- Biggest percentage fall in UK Government bonds since 1980s
- Sell-off in bond market could mean “another nail in the coffin” for the traditional 60/40 portfolio solution
Around £150bn has been wiped off the value of Gilts (UK government bonds) since the start of the year, as investors focus on rising interest rates, says Collidr, the digital asset manager.
Since 1 January to the of end April, Gilts have fallen by 10%, the biggest drop since the 1980s, compared to a fall of 6% over the same period for the FTSE World Equity Index.
As well as underperforming shares, Gilts have also been more volatile than shares. Since January 1, Gilts have had a drawdown of 11.25% (i.e. peak to trough fall) versus a drawdown of 11% for shares (FTSE World Equity Index).
This has been a major challenge for many investors as they hold Gilts for defensive purposes, on the assumption that they will be more stable than shares.
Challenge to concept of 60/40 portfolio
Symon Stickney, CEO of Collidr, says that this collapse in bond prices has put “another nail in the coffin” to the traditional, static 60/40 portfolio solution that many fund managers have developed for retail investors. The 60/40 strategy is based on the principle that the 40% weighting in bonds will reduce the risks and volatility of the overall portfolio. However, bonds prices have become so overstretched that they have been vulnerable to rising inflation and rising central bank rates.
There has also been a misconception that bond prices and the price of shares were uncorrelated, which led investors to believe that if shares fell then the bond element of their portfolio would offer a partial hedge against that fall. Instead this year has seen shares and bonds fall in tandem.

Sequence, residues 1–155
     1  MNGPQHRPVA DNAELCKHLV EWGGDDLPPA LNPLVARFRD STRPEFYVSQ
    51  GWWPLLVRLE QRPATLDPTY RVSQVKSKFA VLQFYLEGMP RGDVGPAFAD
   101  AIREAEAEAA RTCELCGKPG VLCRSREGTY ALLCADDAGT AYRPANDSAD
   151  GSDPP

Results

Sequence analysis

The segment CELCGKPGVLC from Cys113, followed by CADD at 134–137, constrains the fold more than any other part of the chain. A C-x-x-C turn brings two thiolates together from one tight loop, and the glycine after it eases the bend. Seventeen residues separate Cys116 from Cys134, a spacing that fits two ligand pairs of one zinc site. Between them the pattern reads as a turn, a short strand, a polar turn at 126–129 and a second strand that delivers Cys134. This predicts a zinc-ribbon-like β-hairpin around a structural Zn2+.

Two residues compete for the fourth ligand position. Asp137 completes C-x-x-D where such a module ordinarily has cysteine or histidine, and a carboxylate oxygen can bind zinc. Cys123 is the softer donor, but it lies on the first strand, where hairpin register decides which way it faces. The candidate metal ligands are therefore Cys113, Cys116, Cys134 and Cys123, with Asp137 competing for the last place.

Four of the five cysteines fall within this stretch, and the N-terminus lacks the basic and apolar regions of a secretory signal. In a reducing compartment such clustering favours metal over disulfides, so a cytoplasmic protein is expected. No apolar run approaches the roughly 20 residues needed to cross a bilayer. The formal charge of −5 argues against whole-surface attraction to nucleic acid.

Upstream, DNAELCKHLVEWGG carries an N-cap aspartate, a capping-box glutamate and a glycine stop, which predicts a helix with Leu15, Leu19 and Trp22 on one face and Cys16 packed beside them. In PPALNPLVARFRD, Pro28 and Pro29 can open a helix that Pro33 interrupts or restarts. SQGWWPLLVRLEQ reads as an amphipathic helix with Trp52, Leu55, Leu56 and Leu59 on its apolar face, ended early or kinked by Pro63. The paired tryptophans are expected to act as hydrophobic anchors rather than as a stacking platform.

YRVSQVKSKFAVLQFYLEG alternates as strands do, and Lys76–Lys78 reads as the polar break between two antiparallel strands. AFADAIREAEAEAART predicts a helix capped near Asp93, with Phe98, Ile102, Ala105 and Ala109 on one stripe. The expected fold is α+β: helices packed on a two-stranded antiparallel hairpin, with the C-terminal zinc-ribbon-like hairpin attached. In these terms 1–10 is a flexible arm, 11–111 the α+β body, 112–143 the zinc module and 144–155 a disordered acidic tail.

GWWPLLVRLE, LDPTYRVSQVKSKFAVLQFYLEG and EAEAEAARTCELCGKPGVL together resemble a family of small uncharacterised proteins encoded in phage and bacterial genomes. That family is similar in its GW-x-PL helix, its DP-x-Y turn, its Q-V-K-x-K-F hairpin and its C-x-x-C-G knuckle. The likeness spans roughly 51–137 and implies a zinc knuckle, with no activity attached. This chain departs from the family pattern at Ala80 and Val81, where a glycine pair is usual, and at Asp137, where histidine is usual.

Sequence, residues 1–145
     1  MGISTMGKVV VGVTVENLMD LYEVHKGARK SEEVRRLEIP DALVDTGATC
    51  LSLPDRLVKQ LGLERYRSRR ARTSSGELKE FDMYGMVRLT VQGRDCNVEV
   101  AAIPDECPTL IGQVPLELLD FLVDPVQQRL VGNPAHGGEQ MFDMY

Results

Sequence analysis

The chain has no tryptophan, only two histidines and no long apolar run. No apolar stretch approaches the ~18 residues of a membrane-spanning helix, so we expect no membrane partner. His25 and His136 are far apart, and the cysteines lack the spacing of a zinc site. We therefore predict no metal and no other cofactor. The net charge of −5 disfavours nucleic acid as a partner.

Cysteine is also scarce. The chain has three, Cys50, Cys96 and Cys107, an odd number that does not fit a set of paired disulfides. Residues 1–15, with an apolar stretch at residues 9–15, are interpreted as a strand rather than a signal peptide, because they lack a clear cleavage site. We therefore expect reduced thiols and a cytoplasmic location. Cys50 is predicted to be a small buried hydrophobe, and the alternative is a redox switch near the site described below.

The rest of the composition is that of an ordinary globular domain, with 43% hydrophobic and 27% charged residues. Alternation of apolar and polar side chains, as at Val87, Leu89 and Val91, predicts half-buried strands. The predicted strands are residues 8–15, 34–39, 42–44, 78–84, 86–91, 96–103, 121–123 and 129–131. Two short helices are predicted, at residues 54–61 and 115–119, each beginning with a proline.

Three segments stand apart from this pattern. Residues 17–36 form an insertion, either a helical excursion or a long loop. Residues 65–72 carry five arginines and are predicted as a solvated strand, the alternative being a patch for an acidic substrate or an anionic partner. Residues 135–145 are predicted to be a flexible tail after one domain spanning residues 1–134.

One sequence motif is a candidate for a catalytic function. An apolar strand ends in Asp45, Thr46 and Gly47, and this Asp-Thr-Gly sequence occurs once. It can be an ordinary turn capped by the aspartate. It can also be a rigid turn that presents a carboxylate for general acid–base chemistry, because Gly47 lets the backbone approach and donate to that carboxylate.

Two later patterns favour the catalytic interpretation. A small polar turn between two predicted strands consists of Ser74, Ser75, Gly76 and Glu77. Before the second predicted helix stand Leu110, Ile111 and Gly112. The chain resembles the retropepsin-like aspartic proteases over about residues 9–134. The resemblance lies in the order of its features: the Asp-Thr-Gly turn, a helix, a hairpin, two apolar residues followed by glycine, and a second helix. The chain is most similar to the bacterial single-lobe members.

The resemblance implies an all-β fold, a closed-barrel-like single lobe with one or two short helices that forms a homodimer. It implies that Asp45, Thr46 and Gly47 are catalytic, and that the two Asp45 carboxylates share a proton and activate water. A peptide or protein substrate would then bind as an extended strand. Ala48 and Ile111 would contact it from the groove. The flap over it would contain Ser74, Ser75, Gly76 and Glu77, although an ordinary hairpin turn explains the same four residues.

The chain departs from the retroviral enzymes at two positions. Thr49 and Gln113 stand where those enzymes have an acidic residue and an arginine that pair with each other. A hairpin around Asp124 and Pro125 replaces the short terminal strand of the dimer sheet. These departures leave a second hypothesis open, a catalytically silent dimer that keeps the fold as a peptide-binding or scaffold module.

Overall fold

Collidr says the sell-off in bonds is the latest evidence that the 60/40 concept is too blunt a tool for investors. Investors need to look at alternative asset classes to bonds if they want true diversification, Collidr adds. At the moment, diversifiers might include strategies like long/short equity, market neutral funds, currency trading and assets like commodities, oil and real assets. Investors should also be looking at large cap quality companies with brands that customers can’t live without – those are the kinds of businesses that should perform better as rates rise and have the pricing power to help offset the impact of inflation.
Symon Stickney, CEO of Collidr, says: “For investors looking to offset the volatility of equities, bonds are not the answer at this point in time.”
“The sell-off in the bond markets is causing big challenges to fund managers. Few individual fund managers have actually worked through a fall in the bond markets of this scale.”